A consumer survey of more than 1,500 people undertaken by People’s Choice Credit Union has found most Australians believe multi-branding is a trick used by banks to hide their ownership.
Furthermore, 84% of respondents believed banks should have to disclose who owns them when they advertise. Under current regulations banks can bury this disclosure in fine print.
“People want the information but banks are trying to keep it quiet – that’s why we’re encouraging everyone to ask the question ‘who owns you?’” said Peter Evers, Managing Director of People’s Choice.
The survey found some two-thirds of people thought multi-branding was used to trick customers about ownership, while only 30% of people saw it as fair.
Multi-branding occurs when banks market similar and competing products under the different sub-brands that they own, many of which look like regional banks or non-banks. For example, Westpac owns BankSA, St George, Bank of Melbourne and RAMS. Commonwealth Bank owns BankWest and part-owns Aussie.
“We need to change this, and this clear consumer sentiment makes the argument for change even stronger,” Mr Evers said.
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"Multi-branding is simply unfair because it creates artificial competition. The fact is, many of the smaller financial institutions out there are owned by the Big Four, which are trying to hide that ownership.
“They want people to think these smaller, often regional institutions are independent – but they are not – and people need to know that so they can make an informed decision.”
Prominent and clear disclosure
People’s Choice believes a fair solution is easy. In any advertising, financial institutions would have to declare their ultimate ownership prominently and clearly.
“For example, just clearly brand the ads with ‘Part of the Westpac Group’ and that logo or similar. That open disclosure is crucial. If people don’t care, so be it, but they have the right to know so they can make an informed decision,” Mr Evers said.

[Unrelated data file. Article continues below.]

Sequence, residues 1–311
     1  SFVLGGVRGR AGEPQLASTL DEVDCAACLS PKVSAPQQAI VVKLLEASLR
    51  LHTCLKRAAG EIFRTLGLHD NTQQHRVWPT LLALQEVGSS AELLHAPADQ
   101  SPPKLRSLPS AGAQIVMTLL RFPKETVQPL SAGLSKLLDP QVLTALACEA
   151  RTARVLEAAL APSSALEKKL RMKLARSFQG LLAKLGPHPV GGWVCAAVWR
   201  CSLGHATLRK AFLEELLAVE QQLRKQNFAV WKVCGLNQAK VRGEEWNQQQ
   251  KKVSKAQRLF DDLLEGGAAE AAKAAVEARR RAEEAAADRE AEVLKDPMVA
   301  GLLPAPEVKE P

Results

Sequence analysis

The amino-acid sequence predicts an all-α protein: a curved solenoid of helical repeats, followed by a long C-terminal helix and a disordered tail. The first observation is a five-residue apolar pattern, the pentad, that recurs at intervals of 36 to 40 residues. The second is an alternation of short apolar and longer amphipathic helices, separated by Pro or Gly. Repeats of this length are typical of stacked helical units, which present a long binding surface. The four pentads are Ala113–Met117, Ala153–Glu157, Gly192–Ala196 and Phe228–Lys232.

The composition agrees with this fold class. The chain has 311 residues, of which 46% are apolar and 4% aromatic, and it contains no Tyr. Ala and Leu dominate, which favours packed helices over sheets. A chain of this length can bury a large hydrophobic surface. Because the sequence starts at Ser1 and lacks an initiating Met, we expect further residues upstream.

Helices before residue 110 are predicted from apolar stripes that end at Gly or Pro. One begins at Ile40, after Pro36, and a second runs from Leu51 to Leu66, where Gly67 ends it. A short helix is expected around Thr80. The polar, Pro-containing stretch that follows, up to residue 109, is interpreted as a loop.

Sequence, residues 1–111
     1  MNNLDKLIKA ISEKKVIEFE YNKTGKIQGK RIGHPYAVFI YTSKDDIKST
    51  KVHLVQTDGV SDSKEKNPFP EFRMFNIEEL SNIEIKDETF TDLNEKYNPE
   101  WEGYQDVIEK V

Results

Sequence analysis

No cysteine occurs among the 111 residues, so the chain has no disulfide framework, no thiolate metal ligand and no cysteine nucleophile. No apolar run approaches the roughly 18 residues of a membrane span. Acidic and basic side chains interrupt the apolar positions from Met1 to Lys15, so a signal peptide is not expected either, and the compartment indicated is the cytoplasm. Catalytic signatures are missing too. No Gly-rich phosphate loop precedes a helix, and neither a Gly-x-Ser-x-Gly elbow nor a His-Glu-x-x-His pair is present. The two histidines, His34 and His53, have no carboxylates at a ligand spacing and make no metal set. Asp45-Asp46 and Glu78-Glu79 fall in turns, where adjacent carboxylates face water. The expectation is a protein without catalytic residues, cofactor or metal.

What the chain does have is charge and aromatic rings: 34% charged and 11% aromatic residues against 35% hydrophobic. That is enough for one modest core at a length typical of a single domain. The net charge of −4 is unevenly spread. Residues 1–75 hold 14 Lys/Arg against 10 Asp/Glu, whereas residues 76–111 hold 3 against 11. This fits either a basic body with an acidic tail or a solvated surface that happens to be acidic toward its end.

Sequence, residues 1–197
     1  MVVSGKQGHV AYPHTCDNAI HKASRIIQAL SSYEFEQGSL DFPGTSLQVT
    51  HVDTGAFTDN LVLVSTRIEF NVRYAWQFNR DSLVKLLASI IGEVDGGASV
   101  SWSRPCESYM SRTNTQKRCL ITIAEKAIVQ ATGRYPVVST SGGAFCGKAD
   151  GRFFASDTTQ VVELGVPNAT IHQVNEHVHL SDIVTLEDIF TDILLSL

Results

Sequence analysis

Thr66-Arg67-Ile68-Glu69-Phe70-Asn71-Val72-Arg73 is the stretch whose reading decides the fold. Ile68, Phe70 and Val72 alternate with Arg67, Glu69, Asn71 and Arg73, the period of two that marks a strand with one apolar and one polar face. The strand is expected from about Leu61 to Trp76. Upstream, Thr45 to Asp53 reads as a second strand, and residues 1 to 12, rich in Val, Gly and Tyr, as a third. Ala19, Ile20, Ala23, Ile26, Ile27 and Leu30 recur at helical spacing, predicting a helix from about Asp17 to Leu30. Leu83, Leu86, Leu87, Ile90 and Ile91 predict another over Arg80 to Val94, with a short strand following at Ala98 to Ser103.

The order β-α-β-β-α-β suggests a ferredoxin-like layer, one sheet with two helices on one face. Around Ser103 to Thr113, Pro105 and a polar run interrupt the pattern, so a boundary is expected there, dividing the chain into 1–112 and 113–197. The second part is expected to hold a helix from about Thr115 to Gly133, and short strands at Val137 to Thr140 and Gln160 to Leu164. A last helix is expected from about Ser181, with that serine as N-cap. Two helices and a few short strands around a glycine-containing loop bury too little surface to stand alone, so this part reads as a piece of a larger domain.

This call for greater disclosure is supported by COBA, the Customer Owned Banking Association, which represents credit unions, building societies and mutual banks.
“If you believe in fair play, if you believe in a genuinely competitive market with real choice, consumers need to be able to easily understand the true identity and regulatory status of the entity they’re dealing with,” Mr Evers said.
“Major banks hide behind sub-brands that look like regional banks or non-banks. Consumers need real choice through clearer and more effective disclosure.”
The People’s Choice survey involved 1,520 people and was conducted by the Ehrenberg-Bass Marketing Institute.
Bank ads: confusing, misleading, indecipherable
In a result released earlier, the same survey found most Australians believe bank advertisements are not only confusing, they are actively misleading.
70.4% of respondents thought bank advertisements were ‘confusing’ and 64.7% believed they were ‘misleading’. Only a third of the people (33.1%) thought they were ‘honest’ with just 26.4% saying they were ‘clear’.
Refer to the infographic to the right for more information.